On-treatment platelet reactivity to clopidogrel is variable and in part genetic dependent. In African American (AA) patients, the relation between on-treatment platelet reactivity to clopidogrel and the factors that influence this interaction is unknown. The present study aims to evaluate on-treatment platelet reactivity to clopidogrel in AA patients and its interaction to race and CYP2C19*2 loss of function mutation.Methods
The study cohort included 289 consecutive patients presenting for percutaneous coronary intervention who were entered into a prospective observational registry. High on-treatment platelet reactivity (HTPR) was defined as P2Y12 reaction units (PRU) ≥208 with VerifyNow P2Y12 assay and >50% by vasodilator-stimulated phosphoprotein phosphorylation assay platelet reactivity index (VASP PRI) measured 6 to 24 hours postprocedure. CYP2C19*2 (rs4244285) genotype was analyzed by real-time polymerase chain reaction.Results
The prevalence of HTPR by both PRU (56% vs 35%, P = .003) and VASP PRI (67% vs 45%, P = .002) is more common in AAs compared with whites, respectively. African American patients had higher on-treatment mean PRU (207 ± 110 vs 160 ± 102, P = .002) and VASP PRI (49 ± 26 vs 38 ± 26, P = .004). African Americans also had a higher prevalence of CYP2C19*2 allele carrier status compared with whites (43% vs 29%, P = .04). African American race (P = .008) and CYP2C19*2 allele status (P = .02) independently had significant effects on PRU and VASP. Multivariable logistic regression analysis has shown that both CYP2C19*2 allele carrier status and AA race were independent correlates of HTPR for PRU ≥208.Conclusions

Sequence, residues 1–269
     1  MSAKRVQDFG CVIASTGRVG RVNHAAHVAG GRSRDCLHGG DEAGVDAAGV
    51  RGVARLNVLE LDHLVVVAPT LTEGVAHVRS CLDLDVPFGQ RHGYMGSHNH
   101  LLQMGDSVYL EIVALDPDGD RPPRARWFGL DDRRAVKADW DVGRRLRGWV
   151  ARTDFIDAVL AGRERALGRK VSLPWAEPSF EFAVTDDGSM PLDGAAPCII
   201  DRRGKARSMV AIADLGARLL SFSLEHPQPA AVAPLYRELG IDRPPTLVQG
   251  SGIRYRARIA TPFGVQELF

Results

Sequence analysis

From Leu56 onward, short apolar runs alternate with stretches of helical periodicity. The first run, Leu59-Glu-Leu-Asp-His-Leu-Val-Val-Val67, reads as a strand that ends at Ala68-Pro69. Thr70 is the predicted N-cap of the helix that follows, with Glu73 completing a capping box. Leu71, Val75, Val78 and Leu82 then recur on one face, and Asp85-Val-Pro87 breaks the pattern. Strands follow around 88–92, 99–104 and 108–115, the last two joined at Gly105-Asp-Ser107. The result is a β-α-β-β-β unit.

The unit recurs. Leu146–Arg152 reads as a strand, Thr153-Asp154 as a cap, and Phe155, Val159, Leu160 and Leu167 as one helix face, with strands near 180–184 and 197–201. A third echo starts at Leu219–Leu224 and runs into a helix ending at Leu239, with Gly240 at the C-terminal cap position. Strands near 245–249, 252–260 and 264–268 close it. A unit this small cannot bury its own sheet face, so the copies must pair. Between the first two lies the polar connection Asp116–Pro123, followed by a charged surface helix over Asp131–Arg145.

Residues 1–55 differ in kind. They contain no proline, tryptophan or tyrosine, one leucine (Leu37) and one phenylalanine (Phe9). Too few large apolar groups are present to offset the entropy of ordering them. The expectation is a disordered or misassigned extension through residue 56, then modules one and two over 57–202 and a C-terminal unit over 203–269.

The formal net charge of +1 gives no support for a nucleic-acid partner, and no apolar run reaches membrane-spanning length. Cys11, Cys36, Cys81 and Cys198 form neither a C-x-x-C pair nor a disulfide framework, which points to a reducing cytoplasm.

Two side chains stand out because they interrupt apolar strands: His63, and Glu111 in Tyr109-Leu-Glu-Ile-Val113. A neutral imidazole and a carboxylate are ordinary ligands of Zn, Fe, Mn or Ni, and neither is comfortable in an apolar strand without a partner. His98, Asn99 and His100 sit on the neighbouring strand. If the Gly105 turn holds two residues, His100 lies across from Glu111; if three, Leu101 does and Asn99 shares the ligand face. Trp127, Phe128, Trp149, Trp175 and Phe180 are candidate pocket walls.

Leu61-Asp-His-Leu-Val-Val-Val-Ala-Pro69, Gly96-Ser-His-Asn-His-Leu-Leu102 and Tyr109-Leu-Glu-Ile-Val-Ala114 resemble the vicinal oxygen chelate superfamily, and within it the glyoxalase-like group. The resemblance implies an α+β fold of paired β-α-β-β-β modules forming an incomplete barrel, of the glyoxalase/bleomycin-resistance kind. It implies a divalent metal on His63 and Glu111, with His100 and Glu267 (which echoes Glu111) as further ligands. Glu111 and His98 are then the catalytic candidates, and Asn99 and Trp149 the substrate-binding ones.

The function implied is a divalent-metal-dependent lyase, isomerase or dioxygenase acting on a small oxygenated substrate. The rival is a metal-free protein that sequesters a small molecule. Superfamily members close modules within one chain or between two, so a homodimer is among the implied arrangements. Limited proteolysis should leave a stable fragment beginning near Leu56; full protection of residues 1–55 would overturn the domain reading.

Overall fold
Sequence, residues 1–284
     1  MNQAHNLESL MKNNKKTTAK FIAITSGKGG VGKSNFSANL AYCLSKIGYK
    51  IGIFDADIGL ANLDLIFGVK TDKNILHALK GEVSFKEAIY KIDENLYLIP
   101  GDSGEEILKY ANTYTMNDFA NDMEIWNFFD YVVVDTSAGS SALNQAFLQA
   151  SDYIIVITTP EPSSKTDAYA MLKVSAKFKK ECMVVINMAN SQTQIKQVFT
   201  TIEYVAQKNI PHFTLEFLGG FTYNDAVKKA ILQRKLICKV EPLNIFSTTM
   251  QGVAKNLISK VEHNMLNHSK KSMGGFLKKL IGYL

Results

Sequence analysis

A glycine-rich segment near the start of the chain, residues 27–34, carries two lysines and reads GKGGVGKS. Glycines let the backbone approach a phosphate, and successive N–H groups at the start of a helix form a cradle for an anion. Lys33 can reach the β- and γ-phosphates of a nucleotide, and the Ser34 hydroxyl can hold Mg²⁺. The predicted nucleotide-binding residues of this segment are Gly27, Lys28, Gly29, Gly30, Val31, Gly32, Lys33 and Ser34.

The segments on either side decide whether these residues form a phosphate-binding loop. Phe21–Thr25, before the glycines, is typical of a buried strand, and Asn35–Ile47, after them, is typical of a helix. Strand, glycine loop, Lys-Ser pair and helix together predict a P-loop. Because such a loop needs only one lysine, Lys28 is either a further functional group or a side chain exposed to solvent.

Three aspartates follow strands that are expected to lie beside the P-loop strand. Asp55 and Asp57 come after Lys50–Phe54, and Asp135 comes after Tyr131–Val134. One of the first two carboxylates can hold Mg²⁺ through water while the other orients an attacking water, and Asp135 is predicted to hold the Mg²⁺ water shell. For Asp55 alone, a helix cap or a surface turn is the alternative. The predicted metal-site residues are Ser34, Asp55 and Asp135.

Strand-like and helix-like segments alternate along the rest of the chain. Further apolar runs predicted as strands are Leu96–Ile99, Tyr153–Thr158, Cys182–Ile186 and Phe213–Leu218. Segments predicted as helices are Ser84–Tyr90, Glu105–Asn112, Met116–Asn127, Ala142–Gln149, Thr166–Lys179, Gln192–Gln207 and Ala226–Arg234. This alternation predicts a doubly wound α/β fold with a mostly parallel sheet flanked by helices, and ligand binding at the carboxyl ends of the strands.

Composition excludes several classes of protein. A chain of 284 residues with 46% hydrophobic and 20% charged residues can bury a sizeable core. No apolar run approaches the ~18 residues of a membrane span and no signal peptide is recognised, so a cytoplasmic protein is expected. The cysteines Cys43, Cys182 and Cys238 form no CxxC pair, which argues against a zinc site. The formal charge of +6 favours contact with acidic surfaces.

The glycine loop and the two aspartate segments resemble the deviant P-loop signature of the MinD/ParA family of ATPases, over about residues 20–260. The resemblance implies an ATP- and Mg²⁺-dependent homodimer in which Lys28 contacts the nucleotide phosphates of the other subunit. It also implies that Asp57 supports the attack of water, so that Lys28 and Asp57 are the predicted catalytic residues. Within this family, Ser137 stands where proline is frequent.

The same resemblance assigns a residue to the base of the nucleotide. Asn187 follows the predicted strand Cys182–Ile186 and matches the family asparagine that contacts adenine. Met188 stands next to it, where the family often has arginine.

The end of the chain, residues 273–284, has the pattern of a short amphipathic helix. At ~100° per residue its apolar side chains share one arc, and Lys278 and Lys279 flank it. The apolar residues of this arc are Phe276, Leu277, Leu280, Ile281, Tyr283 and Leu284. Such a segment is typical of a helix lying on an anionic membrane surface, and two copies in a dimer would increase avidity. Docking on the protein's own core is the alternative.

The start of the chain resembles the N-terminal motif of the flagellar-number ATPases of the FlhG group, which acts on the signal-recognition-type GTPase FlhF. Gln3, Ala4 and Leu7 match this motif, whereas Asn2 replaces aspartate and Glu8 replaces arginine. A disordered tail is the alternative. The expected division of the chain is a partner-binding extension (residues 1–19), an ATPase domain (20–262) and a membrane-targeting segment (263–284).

African American patients undergoing percutaneous coronary intervention not only have a higher prevalence of HTPR to clopidogrel but also have higher CYP2C19*2 allele carrier status compared with whites. Careful selection of antiplatelet agents should be considered in an AA population at higher risk for ischemic complications.